The Japan Times. 4 Oct 2016.
[Japan] The burden of raising children and caring for sick or elderly family members at the same time, known as “double care,” is a matter of concern to a large portion of the population, according to a national survey. The 2016 white paper from the Health, Labor and Welfare Ministry, which contains the survey results, points out that comprehensive support is necessary for such households. According to the survey, conducted on 3,000 men and women in their 40s and older, 45.4% said the burden of simultaneously caring for children and other family members is a familiar problem. Regarding a question in which respondents could name multiple support services they need, a “public service window where citizens can ask for advice on child-rearing and nursing care” was the top answer at 43.3%, followed by a “place where citizens can receive a comprehensive support service on child-rearing and nursing care,” at 33.6%.
Most working parents 'unhappy with work-life balance'
BBC News. 3 Oct 2016.
[U.K.] Most working parents in Scotland are unhappy with the balance between their home and work life, according to a poll by a group of voluntary organisations. The poll was carried out by Family Friendly Working Scotland group, which works with the Scottish government. The organisation said inflexible work arrangements were often to blame, with many parents saying they missed out on special family moments. Family Friendly Working Scotland said its findings showed 27% of working parents in Scotland worked more than two extra unpaid hours each week - the equivalent of an extra 2.5 weeks a year. Of those, 15% worked more than four extra unpaid hours a week, equating to 25 extra days a year.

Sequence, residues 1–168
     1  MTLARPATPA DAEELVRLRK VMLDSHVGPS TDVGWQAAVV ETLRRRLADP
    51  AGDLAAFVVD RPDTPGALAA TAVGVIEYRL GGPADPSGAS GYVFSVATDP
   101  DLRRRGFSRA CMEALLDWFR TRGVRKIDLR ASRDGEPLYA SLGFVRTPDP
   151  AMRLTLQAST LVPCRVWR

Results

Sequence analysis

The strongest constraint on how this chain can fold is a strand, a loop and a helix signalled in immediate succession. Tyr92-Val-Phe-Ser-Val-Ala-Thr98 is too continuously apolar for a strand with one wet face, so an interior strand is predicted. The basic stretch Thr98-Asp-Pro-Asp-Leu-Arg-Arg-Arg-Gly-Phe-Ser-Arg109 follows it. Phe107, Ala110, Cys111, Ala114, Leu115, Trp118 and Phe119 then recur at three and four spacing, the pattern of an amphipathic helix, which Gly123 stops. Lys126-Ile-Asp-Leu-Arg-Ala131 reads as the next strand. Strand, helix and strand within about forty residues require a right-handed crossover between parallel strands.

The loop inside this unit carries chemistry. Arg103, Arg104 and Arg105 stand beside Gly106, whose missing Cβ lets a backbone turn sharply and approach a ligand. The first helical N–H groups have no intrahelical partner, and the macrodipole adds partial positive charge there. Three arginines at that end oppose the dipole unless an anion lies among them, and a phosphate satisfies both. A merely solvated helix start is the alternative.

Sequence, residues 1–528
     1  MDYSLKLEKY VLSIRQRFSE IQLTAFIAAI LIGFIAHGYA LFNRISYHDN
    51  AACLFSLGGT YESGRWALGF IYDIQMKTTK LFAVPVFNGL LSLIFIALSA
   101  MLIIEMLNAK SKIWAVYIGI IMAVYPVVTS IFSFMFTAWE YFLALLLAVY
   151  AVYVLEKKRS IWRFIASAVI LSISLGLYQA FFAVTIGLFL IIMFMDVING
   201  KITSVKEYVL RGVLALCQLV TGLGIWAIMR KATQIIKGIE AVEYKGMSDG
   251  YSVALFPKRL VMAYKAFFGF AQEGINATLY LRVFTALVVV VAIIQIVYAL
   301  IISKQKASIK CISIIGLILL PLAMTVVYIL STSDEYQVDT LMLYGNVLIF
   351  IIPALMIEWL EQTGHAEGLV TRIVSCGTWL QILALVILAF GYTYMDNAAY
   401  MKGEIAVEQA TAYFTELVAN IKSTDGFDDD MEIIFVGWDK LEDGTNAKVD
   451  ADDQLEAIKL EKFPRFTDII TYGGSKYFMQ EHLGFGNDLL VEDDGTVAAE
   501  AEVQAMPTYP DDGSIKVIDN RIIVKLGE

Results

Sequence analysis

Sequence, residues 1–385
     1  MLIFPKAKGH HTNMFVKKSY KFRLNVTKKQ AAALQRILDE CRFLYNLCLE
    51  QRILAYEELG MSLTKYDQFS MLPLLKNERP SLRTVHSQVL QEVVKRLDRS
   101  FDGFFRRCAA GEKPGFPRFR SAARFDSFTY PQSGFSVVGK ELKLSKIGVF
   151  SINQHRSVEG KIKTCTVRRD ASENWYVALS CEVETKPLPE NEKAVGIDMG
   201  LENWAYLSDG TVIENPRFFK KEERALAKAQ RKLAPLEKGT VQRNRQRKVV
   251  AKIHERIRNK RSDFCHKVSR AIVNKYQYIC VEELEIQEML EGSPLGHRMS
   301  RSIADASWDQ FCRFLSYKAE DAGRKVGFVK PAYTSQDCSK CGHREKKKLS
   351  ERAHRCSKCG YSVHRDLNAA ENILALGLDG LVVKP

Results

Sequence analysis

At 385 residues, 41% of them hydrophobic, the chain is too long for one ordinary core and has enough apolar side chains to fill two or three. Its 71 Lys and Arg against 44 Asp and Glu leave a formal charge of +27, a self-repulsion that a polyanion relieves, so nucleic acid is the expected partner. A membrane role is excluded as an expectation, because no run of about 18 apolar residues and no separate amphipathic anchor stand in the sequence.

Services team up to combat gambling addiction
The Times Leader. 2 Oct 2016.
[U.S.A.] As Ohio moves forward with recreational gambling in various formats, including four new casinos and additional racinos that combine horse racing with video lottery terminals, the state and local communities have developed plans to prevent and treat problem gambling and gambling addiction.